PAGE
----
POV: How did you go about gaining the trust of the community?

MW: The big thing is time and also hoping that my approach wasn’t pushy. There were a lot of people who I tried to interview but they didn’t want to do it. At that point you have to stop. If people say ‘no’ then they say ‘no’ again, that’s it. I only wanted to talk to people who wanted to talk to me. Eventually what started happening was I found people with a stake in the story who felt that their side hadn’t been told and maybe hadn’t shared much of their experience with anyone before. Those were the stories that I was interested in.

POV: Was there a particular interview that you found to be surprising in what got said?

MW: That happened several times. The first time was with Nicole Gionet who is the mother of Phillip’s best friend [Rhéal Landry] but was also someone Phillip had hurt over the years. She wasn’t sorry that he was dead but at the same time she hated how he was killed. She understood that Phillip as a kid had been taken advantage of by different men in the community who had intentionally got him stealing. Once Phillip became an adult it was no longer funny to them but it was also a problem that they had created.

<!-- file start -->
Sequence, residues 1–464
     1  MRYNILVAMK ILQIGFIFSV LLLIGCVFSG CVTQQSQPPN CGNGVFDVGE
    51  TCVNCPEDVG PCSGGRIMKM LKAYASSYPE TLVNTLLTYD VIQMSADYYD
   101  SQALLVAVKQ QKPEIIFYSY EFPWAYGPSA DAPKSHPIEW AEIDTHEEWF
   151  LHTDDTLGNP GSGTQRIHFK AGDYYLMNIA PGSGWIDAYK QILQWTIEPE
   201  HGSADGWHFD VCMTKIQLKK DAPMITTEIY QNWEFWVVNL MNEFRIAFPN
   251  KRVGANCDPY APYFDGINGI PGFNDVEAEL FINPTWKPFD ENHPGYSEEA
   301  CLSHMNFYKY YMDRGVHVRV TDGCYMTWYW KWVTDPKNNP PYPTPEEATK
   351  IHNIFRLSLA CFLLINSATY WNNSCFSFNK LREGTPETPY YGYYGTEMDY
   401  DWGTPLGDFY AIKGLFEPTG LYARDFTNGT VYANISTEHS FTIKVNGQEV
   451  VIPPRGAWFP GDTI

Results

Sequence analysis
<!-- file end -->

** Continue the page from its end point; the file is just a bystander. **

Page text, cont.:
POV: There is an African proverb that goes, ‘It takes a village to raise a child.’ The community places a lot of blame on the police but perhaps they need to look more inward.

MW: That’s a hard thing for people to admit. A lot of people were responsible for what happened that day. Obviously, the men on the boat, like James Landry and Dwayne Samson. Phillip had been tormenting them for years but for the wider [Cape Breton] community, there was this guy who is in and out of prison, arguably had mental health issues, had a rough upbringing and wasn’t getting help on any level. Phillip’s problems kept on getting worse and people didn’t know how to deal with it so treating it as someone else’s problem was easier than stepping in and trying to help.